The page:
Have you checked your 401(k) lately? If you haven't, that's probably a good thing, as you may not like what you see. I have certainly avoided checking my retirement accounts over the past few months. The S&P 500 is down 19% year to date as of May 20, and the Nasdaq Composite has lost 28% -- that's near or in bear market territory, depending on which index you follow.

While it's tough to see red numbers seemingly every day, it's important to keep in mind bull markets typically last longer than bear markets, and having a long-term focus is the best strategy to produce gains. And avoiding these three common mistakes will help you get the most out of your 401(k)

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Mistake No. 1: Not getting the full company match

This seems like a no-brainer, but you might be surprised how many people don't get the full company match on their 401(k) plan. A 2015 study by Financial Engines found that 25% of plan participants don't get the full company match, leaving a combined $24 billion on the table. Those earning $40,000 or less (42%) and under 30 years old (30%) were most likely not to get the full match.

While not all companies offer a match, many employers typically will match anywhere from 2% to 6% of an employee's salary as contributions to their 401(k). So if your company matches 4% of your annual salary, and you contribute only 2% to your plan, you are missing out on free money.

Let's say you make $50,000 per year and you contribute 2% of your salary to your plan -- that's $1,000. If it is a dollar-for-dollar match (some companies offer a partial match), your employer would also contribute $1,000, so you'd have $2,000 invested in your portfolio. But if you had gotten the full 4%, you'd receive $2,000 from your employer.

Now, let's see how much you are missing out on over time. If you are 30 and contribute 2% of your salary for 32 years until retirement, got a 3% annual raise, earned an average annual return of 10%, and received a matching $1,000 contribution from your employer each year, you'd have about $558,000 by age 62. If you contributed 4% and got the full 4% company match, you'd have $1.1 million by the same age.

Mistake No. 2: Waiting too long to invest

When you're just out of high school or college and get that first full-time job in your field, you're probably not thinking about retirement. Rather, at an entry-level salary, you may feel like you need every red cent for expenses in the here and now. It's not uncommon for people in their 20s to skip investing in their 401(k) for a while. One survey by Morning Consult a few years ago said only 39% of those in their 20s invested for retirement, while a survey from Nationwide said the average age Americans start to invest in their retirement is 31.

Just as not getting the full company match would cost you hundreds of thousands of dollars over time, so can starting too late to invest in your 401(k). Let's do the math. In the hypothetical above, the person started contributing to their 401(k) at 30, which is about average. But let's say you start at 25. What difference would those five years make?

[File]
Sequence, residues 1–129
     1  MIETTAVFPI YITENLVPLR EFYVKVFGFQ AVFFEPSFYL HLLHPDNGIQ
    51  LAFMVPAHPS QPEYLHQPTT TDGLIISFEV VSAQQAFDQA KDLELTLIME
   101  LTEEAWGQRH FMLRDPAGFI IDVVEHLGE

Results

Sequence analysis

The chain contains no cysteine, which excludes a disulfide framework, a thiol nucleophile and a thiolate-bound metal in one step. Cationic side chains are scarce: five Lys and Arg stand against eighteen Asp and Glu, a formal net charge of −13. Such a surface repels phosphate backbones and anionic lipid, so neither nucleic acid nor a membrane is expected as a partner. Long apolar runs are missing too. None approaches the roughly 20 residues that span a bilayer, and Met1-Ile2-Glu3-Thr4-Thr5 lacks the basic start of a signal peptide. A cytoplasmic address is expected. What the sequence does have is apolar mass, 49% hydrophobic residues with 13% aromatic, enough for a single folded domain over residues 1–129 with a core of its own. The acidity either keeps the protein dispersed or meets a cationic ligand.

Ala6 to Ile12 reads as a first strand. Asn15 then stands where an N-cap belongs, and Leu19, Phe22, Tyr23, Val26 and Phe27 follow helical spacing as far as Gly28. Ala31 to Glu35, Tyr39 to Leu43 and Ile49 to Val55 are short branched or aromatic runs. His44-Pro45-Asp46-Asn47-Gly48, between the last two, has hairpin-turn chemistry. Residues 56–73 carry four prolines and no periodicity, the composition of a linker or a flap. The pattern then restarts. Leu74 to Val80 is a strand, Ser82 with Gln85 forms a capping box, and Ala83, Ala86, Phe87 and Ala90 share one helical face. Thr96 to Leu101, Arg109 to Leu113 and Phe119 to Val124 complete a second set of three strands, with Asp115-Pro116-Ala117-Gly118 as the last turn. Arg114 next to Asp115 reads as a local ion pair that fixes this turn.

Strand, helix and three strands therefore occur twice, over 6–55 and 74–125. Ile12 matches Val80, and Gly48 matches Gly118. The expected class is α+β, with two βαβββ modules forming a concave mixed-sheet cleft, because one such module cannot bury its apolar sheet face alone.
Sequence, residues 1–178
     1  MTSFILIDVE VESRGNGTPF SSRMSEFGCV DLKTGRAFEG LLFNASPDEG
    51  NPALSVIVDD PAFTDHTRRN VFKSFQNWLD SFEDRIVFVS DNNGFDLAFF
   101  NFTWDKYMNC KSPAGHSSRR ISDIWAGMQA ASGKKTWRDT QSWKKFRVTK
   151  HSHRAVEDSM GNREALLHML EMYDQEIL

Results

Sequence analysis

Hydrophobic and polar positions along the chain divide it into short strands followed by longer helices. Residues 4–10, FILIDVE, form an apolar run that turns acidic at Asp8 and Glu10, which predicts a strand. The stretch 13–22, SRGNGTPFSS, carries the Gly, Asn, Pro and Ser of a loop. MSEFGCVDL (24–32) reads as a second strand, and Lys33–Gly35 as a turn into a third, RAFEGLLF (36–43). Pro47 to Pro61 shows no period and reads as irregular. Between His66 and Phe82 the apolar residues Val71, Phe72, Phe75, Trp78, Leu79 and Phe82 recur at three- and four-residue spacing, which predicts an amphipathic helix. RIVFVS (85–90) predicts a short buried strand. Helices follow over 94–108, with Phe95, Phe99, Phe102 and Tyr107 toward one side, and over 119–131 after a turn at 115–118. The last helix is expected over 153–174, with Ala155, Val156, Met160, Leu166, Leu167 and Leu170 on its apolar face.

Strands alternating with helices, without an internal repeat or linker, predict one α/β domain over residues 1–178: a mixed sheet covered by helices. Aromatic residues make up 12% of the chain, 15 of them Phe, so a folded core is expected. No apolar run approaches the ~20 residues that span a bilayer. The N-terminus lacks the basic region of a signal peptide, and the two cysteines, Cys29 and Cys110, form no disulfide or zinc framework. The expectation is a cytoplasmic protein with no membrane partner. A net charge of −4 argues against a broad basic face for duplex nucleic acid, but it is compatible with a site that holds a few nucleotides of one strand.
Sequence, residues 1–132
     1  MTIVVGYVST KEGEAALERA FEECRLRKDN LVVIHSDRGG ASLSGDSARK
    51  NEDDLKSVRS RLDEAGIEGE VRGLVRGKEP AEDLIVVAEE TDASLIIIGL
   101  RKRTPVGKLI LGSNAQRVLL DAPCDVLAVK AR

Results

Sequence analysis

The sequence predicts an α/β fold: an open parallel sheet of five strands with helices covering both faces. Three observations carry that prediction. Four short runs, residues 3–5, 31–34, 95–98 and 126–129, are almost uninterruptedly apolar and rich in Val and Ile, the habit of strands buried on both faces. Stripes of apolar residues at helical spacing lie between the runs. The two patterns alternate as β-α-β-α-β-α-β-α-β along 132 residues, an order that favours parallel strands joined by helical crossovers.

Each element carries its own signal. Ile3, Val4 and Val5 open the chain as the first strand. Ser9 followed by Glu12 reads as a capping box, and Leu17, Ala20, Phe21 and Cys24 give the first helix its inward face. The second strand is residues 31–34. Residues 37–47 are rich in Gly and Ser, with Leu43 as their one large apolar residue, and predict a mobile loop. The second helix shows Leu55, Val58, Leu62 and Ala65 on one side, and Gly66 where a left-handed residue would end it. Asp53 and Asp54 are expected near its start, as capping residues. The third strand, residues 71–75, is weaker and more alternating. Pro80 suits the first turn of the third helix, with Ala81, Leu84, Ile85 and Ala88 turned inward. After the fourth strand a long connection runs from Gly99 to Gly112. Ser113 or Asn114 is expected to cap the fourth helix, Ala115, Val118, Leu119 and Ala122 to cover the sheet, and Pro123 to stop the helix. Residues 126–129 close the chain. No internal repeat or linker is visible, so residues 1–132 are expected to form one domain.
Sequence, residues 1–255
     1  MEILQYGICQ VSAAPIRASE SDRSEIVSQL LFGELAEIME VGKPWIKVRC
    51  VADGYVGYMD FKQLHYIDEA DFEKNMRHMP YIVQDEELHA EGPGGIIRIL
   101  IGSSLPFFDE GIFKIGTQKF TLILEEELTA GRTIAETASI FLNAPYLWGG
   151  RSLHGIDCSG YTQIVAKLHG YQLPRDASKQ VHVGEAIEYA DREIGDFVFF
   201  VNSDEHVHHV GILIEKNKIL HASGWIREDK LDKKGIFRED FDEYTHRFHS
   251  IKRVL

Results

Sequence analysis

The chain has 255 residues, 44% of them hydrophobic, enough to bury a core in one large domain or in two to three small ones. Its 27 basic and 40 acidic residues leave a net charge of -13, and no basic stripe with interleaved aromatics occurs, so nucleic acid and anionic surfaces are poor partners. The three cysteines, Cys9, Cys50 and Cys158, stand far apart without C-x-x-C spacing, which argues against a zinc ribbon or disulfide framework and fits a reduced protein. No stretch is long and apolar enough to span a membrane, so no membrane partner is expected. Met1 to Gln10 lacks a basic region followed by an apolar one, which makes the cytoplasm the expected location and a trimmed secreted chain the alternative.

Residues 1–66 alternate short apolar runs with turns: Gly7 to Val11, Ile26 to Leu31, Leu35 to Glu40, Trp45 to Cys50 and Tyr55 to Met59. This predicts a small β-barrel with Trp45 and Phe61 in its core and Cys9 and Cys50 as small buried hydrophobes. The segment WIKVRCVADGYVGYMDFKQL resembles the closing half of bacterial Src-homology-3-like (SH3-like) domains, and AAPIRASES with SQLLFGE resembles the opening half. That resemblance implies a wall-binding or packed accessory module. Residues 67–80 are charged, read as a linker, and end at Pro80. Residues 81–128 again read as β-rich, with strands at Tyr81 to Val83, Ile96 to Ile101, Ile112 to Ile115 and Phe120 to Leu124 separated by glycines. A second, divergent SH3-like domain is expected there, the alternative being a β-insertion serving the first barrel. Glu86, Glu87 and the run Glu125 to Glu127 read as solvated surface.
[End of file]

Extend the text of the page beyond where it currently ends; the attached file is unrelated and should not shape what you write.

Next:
Well, your salary would likely be lower, so let's plug in the numbers based on a salary of $45,000, with a 3% annual raise. Let's also say you are contributing 4% and getting the full company match with an average annual return of 10%. And like the above scenario, you are retiring at 62. You would have nearly $1.7 million after 37 years -- about $600,000 more than if you waited to start at age 30.

Mistake No. 3: Not paying attention to fees and diversification

Each investment in your 401(k) comes with fees attached -- some more than others. There are two things to check. One is if the fund charges a load -- or commission -- for investing or selling. This is typically a one-time fee charged when you buy the fund or sell it. Ideally, you want a no-load fund. The other is the expense ratio. This is an annual fee charged to cover operating costs, which comes out of your investment return. Index funds have lower expense ratios with some as low as 0.02%. That means you pay just $2 per year in fees for every $10,000 invested.

Index funds and exchange-traded funds (ETFs) typically have lower expense ratios, because they are passively managed and generate returns based on the indexes. Actively-managed funds, led by a portfolio manager, are typically more expensive with fees typically ranging from 0.50% to 1.50% -- or higher. A fund with an expense ratio of 1.00%, for example, would take $100 from your returns every year for every $10,000 invested.

During the long bull market of the 2010s, people flocked to index funds and ETFs, because the indexes were flying high, and these funds had low fees. When indexes are down, actively-managed funds may be preferable if they are beating their benchmarks and justifying those higher fees.

Finally, there are many good resources from the Fool that go in depth on how to diversify your portfolio and allocate assets for the best long-term returns. As a general rule, the further away you are from retirement, the more aggressive your portfolio should be as you have more time to bounce back from swoons like we are seeing now. As you get closer to retirement age, you may want to become gradually more conservative to limit the effect of volatility.

But avoid the temptation to react in the short-term and panic trade, because when you do that, you are not only locking in losses; you are missing out on the returns when the market inevitably bounces back.